For what it's worth, lately I've found --aq-mode 3 being troublesome. With normal sources originating from film, like the older seasons of X-Files which contain quite a lot of grain and noise, it works well at around ~0.6 for strength. Then there's something like Suits, or The Killing, which look terrible. The sources are terrible in quality -- lots of macroblocking which appears when the encoder starts removing the grain hiding some of that -- and aq-mode 3 produces a substantially lower average bitrate at the same CRF than aq-mode 1. I don't know why the rate control works this way, The Killing does contain quite a lot of dark scenes but I was unable to get a good result without switching to --aq-mode 1 at the default strength. I also raised psy-rd to 3.0 and deblock to 0:0 to try to keep the higher frequencies and avoid banding where the encoder removes too much from the original image.

I really scratched my head at the issue the whole weekend. Yes, I did test x264 at --preset veryslow, but it wasn't any better

Sometimes I have used a dirty trick and added a light amount of fake grain with GrainFactory3 before feeding the video to the encoder. I may need to test that too
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Old 20th January 2020, 16:37   #7373  |  Link
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Ben Waggoner was doing some tests with --aq-mode 4, I don't think he got them finished though. He's probably the only one (apart from the devs) who has some kind of an insight to how it looks with real life examples.

For what it's worth, lately I've found --aq-mode 3 being troublesome. With normal sources originating from film, like the older seasons of X-Files which contain quite a lot of grain and noise, it works well at around ~0.6 for strength. Then there's something like Suits, or The Killing, which look terrible. The sources are terrible in quality -- lots of macroblocking which appears when the encoder starts removing the grain hiding some of that -- and aq-mode 3 produces a substantially lower average bitrate at the same CRF than aq-mode 1. I don't know why the rate control works this way, The Killing does contain quite a lot of dark scenes but I was unable to get a good result without switching to --aq-mode 1 at the default strength. I also raised psy-rd to 3.0 and deblock to 0:0 to try to keep the higher frequencies and avoid banding where the encoder removes too much from the original image.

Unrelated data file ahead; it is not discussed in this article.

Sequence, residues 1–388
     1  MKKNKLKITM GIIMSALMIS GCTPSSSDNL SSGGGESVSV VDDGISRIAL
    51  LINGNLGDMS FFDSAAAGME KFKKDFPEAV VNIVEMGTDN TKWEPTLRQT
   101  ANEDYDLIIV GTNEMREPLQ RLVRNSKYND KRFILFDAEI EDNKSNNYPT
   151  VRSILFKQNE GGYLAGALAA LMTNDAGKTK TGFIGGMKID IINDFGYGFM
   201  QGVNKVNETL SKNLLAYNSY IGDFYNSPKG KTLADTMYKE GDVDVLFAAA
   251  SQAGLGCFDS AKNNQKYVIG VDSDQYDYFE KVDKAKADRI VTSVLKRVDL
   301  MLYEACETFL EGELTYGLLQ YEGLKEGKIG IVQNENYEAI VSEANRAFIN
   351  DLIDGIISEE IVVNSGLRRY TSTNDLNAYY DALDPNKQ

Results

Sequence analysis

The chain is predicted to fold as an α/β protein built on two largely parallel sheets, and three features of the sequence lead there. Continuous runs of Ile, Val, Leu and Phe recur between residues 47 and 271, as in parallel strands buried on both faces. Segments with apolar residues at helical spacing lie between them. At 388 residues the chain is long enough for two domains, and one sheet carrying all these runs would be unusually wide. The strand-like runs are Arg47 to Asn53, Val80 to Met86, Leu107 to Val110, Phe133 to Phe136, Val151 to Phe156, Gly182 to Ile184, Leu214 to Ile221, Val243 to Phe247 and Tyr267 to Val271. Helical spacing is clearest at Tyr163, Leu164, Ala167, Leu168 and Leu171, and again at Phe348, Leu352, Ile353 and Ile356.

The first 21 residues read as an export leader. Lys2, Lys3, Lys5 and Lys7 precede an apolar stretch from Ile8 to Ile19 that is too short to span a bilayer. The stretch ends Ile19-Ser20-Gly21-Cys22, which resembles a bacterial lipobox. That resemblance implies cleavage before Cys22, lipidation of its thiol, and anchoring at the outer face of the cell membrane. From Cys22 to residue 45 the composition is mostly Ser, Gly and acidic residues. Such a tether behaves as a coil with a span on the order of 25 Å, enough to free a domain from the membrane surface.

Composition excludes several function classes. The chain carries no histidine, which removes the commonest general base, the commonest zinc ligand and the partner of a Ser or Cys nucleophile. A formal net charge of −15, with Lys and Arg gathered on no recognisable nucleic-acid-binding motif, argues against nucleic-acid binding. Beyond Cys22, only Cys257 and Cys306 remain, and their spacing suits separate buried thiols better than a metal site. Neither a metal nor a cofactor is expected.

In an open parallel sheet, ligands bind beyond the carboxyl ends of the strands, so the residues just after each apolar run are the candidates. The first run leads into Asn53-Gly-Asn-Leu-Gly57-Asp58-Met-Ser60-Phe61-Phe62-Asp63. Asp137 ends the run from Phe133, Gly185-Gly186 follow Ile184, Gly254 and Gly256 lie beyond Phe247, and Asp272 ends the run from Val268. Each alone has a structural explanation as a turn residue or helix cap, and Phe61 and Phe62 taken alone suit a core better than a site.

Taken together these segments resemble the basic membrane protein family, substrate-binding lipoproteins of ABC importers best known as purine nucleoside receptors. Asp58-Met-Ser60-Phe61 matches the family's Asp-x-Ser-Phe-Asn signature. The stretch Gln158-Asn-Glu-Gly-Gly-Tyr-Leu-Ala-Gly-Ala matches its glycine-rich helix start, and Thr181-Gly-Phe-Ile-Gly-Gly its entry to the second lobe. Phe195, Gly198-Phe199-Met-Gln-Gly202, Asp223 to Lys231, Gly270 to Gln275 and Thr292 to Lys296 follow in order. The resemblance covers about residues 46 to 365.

I really scratched my head at the issue the whole weekend. Yes, I did test x264 at --preset veryslow, but it wasn't any better

Sometimes I have used a dirty trick and added a light amount of fake grain with GrainFactory3 before feeding the video to the encoder. I may need to test that too
I did my own testing, both with AQ mode 2 and 3. It did not make things beter here and I was hoping AQ mode 3 would work well on dark scenes, but it didn't. All I saw is increased bitrate for 2 and 3 with no meaningful improvements... so I went back and stick to my good ol' AQ mode 1

As for psy-rd/psy-rdoq, they are meant to keep the original energy of the source as much as possible at higher strength. So if you have a (very) noisy sample, the bitrate will shoot up in order to preserve the noise/grain. These two settings are set to high values when using --tune grain (psy-rd is set to 4 and psy-rdoq is set to 10). I personally now use psy-rd of 3.2 and psy-rdoq of 15. I do not mind the increase of bitrate as I aim to preserver the input as much as possible. These two especially have an effect on dark scenes and look better than using AQ mode 2 or 3. I haven't tested AQ mode 4, though
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Old 20th January 2020, 16:45   #7374  |  Link
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Ben Waggoner was doing some tests with --aq-mode 4, I don't think he got them finished though. He's probably the only one (apart from the devs) who has some kind of an insight to how it looks with real life examples.
I finished making the content but not my comparisons. Thanks for the reminder to take a look again.

Quote:
For what it's worth, lately I've found --aq-mode 3 being troublesome. With normal sources originating from film, like the older seasons of X-Files which contain quite a lot of grain and noise, it works well at around ~0.6 for strength. Then there's something like Suits, or The Killing, which look terrible. The sources are terrible in quality -- lots of macroblocking which appears when the encoder starts removing the grain hiding some of that -- and aq-mode 3 produces a substantially lower average bitrate at the same CRF than aq-mode 1. I don't know why the rate control works this way, The Killing does contain quite a lot of dark scenes but I was unable to get a good result without switching to --aq-mode 1 at the default strength. I also raised psy-rd to 3.0 and deblock to 0:0 to try to keep the higher frequencies and avoid banding where the encoder removes too much from the original image.